This weekend Boyfriend and I did some spring cleaning. Buried away underneath years of notebooks, papers, and writing pads, I found a poem I had written when I was nine, about the kittens my aunt and uncle’s cat had just given birth to. In splits over the dodgy meter of my poem, and over how, as a kid, I would obsessively write rhyming words in a square on the top right corner of the paper before I started the poem itself, I told Boyfriend all about the kittens Toto, Bhutto, and Charlie, who were a regular part of my life for a few years.
White and black piebalds, Toto, Bhutto, and Charlie had been thus named for very specific reasons. Toto was named after a rock band from the 1970s, a time when my aunt and uncle were young and romantic, and liked to think of themselves as rebels. Bhutto, a glutton often found stealing food from her brothers, was named in mockery of a Pakistani Prime Minister with a proclivity for corruption. Charlie was born with a brief swatch of black across his upper lip, and was therefore named after the great Charlie Chaplin.
“Of course, he was as much Adolf Hitler as Charlie Chaplin,” I said, “but no one would want to name their pet Hitler.” Mocking a corrupt politician is one thing, but naming your pet for a genocidal fascist is a whole other level of unacceptable.
“Actually,” Boyfriend began. “Did you know during the second world war, the Nazis tried to prosecute a dog called Hitler, because he did the Nazi salute as a party trick?”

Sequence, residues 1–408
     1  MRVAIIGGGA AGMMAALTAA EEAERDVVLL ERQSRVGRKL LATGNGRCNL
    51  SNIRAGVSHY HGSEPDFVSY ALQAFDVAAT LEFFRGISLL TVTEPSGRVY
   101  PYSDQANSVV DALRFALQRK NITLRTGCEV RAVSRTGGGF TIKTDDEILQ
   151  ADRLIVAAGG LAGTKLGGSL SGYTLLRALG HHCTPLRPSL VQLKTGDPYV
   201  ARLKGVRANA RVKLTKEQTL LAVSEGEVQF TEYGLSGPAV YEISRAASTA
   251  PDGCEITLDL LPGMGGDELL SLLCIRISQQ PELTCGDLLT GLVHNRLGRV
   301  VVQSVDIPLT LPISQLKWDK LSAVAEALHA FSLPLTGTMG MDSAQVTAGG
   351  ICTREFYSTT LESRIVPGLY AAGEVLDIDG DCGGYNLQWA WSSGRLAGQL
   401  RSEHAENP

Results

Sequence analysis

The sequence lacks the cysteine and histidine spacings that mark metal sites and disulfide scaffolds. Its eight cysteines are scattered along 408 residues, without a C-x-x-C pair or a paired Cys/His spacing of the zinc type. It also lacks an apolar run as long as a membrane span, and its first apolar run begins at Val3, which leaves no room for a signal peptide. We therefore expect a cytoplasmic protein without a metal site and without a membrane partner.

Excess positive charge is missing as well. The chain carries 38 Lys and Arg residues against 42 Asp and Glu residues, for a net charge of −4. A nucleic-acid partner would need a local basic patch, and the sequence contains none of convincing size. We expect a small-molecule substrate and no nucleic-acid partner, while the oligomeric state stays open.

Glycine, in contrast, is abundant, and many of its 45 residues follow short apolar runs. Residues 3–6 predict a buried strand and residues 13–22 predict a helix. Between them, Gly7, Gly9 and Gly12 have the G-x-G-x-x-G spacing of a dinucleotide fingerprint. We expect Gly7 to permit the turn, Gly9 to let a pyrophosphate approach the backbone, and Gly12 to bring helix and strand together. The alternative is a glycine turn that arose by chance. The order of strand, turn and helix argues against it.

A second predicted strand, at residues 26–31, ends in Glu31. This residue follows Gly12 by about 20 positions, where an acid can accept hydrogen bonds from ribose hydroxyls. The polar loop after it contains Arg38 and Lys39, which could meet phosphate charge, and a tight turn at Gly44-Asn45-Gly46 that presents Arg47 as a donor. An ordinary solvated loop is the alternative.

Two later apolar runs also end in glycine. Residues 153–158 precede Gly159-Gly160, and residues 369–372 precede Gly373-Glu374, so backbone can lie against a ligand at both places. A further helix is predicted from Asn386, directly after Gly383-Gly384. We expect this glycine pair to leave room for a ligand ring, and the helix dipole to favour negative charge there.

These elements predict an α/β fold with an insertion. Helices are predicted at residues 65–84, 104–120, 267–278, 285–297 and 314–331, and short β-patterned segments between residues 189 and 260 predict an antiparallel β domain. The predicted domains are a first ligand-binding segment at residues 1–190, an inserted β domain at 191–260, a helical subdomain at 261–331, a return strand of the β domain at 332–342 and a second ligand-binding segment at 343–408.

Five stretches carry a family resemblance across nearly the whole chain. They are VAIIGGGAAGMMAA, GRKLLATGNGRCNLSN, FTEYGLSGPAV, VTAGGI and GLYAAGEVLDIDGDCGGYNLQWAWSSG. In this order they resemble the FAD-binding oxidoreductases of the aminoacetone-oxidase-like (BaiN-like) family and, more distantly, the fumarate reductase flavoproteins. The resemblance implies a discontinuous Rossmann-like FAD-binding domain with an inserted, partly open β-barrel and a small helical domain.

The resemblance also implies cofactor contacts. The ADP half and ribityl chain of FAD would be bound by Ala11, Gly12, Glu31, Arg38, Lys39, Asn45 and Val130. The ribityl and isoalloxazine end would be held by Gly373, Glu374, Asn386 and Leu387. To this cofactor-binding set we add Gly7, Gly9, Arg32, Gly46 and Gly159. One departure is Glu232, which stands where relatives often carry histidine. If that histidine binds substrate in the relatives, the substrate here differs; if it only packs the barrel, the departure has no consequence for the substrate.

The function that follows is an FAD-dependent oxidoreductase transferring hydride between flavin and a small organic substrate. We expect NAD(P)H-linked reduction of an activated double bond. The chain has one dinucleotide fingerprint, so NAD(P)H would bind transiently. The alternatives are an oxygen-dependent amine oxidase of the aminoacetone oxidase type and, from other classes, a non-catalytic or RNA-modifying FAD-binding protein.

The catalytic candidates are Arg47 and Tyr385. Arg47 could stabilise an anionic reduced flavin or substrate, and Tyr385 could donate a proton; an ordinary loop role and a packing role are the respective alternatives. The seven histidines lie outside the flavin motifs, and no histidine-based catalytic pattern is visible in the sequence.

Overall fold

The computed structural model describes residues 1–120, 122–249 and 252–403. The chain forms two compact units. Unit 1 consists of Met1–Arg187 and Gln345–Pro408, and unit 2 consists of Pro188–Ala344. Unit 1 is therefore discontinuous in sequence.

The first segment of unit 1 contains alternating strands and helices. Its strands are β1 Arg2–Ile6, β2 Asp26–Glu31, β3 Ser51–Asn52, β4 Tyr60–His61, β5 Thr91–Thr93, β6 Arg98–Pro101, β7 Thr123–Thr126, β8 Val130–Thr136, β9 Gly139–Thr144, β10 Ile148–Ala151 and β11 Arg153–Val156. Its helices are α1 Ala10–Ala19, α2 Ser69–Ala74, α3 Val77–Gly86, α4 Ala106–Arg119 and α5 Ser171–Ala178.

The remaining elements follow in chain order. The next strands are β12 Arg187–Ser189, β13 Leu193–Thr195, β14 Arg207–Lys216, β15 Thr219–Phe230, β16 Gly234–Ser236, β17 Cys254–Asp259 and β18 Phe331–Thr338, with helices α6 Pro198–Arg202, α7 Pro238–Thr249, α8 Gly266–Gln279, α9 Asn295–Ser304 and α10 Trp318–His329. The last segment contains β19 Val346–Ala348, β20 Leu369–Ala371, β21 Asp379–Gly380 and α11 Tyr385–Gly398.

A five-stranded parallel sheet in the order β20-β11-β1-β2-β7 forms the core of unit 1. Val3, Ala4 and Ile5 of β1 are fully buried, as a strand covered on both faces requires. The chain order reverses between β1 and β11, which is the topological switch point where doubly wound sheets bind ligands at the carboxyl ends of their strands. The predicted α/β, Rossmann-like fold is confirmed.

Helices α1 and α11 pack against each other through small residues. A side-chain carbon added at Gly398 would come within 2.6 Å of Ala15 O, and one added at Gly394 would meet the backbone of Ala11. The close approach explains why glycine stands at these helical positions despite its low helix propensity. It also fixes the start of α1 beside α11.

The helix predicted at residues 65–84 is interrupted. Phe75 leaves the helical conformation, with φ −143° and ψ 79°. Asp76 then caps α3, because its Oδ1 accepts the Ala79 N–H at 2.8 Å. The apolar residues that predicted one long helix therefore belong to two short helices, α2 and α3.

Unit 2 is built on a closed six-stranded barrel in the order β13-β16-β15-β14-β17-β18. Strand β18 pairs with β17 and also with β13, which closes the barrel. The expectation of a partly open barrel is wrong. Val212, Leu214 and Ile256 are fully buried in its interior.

Let me tell you the story the way my nine-year-old self would have told you about Toto, Bhutto, and Charlie:
In a town called Tampere, a long time ago
A dog had a trick that he really liked to show.
He flung his arm in the air, and he flexed his paw
(What treats was he given? I’d really like to know.)
His name was Jackie, and he was a Dalmatian
He lived in Finland, a Nazi-friendly nation.
But his German mistress, the sultry Josefine
Thought the Fuhrer had led her country to damnation.
She liked making fun of him, the sultry Josefine
She liked her husband Tor Borg, who was just as keen
To poke fun at Hitler, to take him down a notch,
Oh, Jackie’s Nazi salute – it just had to be seen!
So they threw a bunch of soirees, fixed up a party
(Nothing like Der Fuhrer’s) it was hearty, and arty!
Jackie was an instant hit; they laughed, “Look, it’s Hitler!”
So he raised one more salute, that dog was a smarty!
But the year was 1941, a war was nigh.
Fear was growing from the earth and raining from the sky.
The German Vice Consul heard of Jackie’s party trick
And decreed with a psychotic luft, “That dog must die!”
So, to the Vice Consul went the gentle Tor Borg
(I’m sure that he felt he was heading to the morgue.)
It wasn’t just the dog, it was his business too
His supplies came from Germany, not Luxembourg.
With his heart in his mouth, he arrived in Helsinki
With great foreboding, he alighted from his dinky
“His name’s Jackie, not Hitler, he’s done no canine crimes.”
Please, just let me go, he prayed, biting on his pinkie.
But the German Vice Consul, Willy Erkelenz
He knew he had the upper hand; this, he could sense.
He growled at Borg a while, the Reich had trained him well
He laughed as Borg stood there, his eyes lowered, brow tense.
Others laughed too, like a Union named Soviet
(Playing, unusually, a role quite appropriate.)
As Willy took the case of Jackie to Der Fuhrer
The Allies pushed the Reds: “Attack and expropriate!”
Caught like a kipper, like a willy in a zipper
Unwilling the Reich slipped, a lily in a clipper!
It was washed with blood, the long road to Barbarossa
But back in cold Tampere, ol’ Jackie was chipper!
Now, you know how this ends, you’re not a green-eared calf
The Nazis were vicious, but too clever by half.
As the world trod slow, the floors of purgatory
Jackie lived happy and long, a bark like a laugh.
(All cartoon images from Disney’s Der Fuhrer’s Face, and Education for Death.)